Neottia auriculata (Wieg.) Szlach.
Habitat: Alluvial banks, calcareous silts or crevices, alder-thickets, and swamps. [Non-tidal rivershore (non-forested, seasonally wet); Forested wetland]
Range: Newfoundland and Quebec to New Hampshire and New York; Isle Royale, Michigan.
Aids to Identification: Auricled twayblade grows 10-25 cm tall, with one spike of up to about 20 small, pale green flowers. On the stem, there is a single pair of oppositely arranged leaves, 2-5 cm long, and rounded at the base. This species can be distinguished from the other species of Neottia (N. cordata and N. convallarioides) by the glandular hairs present on the axis of the inflorescence, flowers stalks, and ovaries (visible with a 10x handlens).
Ecological characteristics: In Maine, this species is often found growing underneath alders in alluvium of streams and rivers. Populations are typically small and may last only a few years.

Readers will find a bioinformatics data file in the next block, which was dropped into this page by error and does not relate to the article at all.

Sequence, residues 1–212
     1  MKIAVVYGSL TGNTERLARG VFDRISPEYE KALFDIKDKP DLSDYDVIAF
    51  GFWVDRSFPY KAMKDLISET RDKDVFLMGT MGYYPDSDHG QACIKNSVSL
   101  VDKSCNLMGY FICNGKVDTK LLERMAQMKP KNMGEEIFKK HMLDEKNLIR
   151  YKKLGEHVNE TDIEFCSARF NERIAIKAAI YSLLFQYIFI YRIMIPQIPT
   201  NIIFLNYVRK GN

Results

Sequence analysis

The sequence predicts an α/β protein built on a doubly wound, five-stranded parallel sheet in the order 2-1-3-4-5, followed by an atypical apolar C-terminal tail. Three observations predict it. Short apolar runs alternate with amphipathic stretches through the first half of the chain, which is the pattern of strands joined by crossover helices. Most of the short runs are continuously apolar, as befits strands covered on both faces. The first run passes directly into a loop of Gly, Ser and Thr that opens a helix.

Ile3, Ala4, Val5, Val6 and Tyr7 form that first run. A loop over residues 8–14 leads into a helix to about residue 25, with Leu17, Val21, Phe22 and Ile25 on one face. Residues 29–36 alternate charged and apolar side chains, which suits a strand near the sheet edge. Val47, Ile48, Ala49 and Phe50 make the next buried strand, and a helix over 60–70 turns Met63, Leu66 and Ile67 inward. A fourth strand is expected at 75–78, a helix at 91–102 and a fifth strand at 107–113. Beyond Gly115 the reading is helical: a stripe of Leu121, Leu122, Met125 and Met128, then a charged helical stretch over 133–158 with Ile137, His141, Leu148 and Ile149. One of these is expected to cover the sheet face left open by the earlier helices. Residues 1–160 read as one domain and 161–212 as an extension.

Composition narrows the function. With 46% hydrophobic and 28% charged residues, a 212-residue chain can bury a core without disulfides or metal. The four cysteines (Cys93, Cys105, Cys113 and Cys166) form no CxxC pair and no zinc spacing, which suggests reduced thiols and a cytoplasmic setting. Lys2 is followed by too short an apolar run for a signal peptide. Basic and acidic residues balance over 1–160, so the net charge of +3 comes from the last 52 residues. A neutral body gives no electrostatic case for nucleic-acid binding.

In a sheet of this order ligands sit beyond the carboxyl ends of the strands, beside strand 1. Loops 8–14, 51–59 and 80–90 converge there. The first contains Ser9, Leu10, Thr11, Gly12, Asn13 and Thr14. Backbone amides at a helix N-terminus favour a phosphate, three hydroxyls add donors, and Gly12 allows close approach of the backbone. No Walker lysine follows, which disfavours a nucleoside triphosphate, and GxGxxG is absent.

Phenology: Flowers July - August.
Synonyms: Bifolium auriculatum (Wieg.) Nieuwl.; Listera auriculata Wieg.; Ophrys auriculata (Wieg.) House.
Known Distribution in Maine: This rare plant has been documented from a total of 38 town(s) in the following county(ies): Aroostook, Franklin, Hancock, Oxford, Penobscot, Piscataquis, Somerset.
Reason(s) for rarity: At southern limit of range; habitat naturally scarce.
Conservation considerations: Known populations are small, and subject to the vagaries of small populations like random fluctuations or localized disturbance events. Populations have been known to be short-lived. Like all orchids, this plant should not be collected or dug. It is not known to have been successfully propagated, and any plants offered for sale have almost certainly been collected from the wild.